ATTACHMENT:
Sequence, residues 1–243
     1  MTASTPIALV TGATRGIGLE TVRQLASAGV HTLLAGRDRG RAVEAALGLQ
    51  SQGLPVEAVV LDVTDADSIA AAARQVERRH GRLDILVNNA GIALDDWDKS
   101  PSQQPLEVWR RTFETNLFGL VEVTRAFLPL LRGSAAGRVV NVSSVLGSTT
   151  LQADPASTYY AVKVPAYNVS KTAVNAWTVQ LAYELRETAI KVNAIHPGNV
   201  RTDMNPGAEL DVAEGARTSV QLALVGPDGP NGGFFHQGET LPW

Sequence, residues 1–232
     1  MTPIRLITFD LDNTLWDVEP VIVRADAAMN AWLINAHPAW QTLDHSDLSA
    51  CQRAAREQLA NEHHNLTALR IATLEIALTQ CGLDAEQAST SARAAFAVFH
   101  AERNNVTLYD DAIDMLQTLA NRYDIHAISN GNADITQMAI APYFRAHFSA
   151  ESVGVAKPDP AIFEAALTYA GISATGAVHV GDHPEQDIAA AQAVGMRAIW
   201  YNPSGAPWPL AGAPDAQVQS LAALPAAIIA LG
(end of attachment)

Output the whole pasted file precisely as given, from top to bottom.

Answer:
Sequence, residues 1–243
     1  MTASTPIALV TGATRGIGLE TVRQLASAGV HTLLAGRDRG RAVEAALGLQ
    51  SQGLPVEAVV LDVTDADSIA AAARQVERRH GRLDILVNNA GIALDDWDKS
   101  PSQQPLEVWR RTFETNLFGL VEVTRAFLPL LRGSAAGRVV NVSSVLGSTT
   151  LQADPASTYY AVKVPAYNVS KTAVNAWTVQ LAYELRETAI KVNAIHPGNV
   201  RTDMNPGAEL DVAEGARTSV QLALVGPDGP NGGFFHQGET LPW

Sequence, residues 1–232
     1  MTPIRLITFD LDNTLWDVEP VIVRADAAMN AWLINAHPAW QTLDHSDLSA
    51  CQRAAREQLA NEHHNLTALR IATLEIALTQ CGLDAEQAST SARAAFAVFH
   101  AERNNVTLYD DAIDMLQTLA NRYDIHAISN GNADITQMAI APYFRAHFSA
   151  ESVGVAKPDP AIFEAALTYA GISATGAVHV GDHPEQDIAA AQAVGMRAIW
   201  YNPSGAPWPL AGAPDAQVQS LAALPAAIIA LG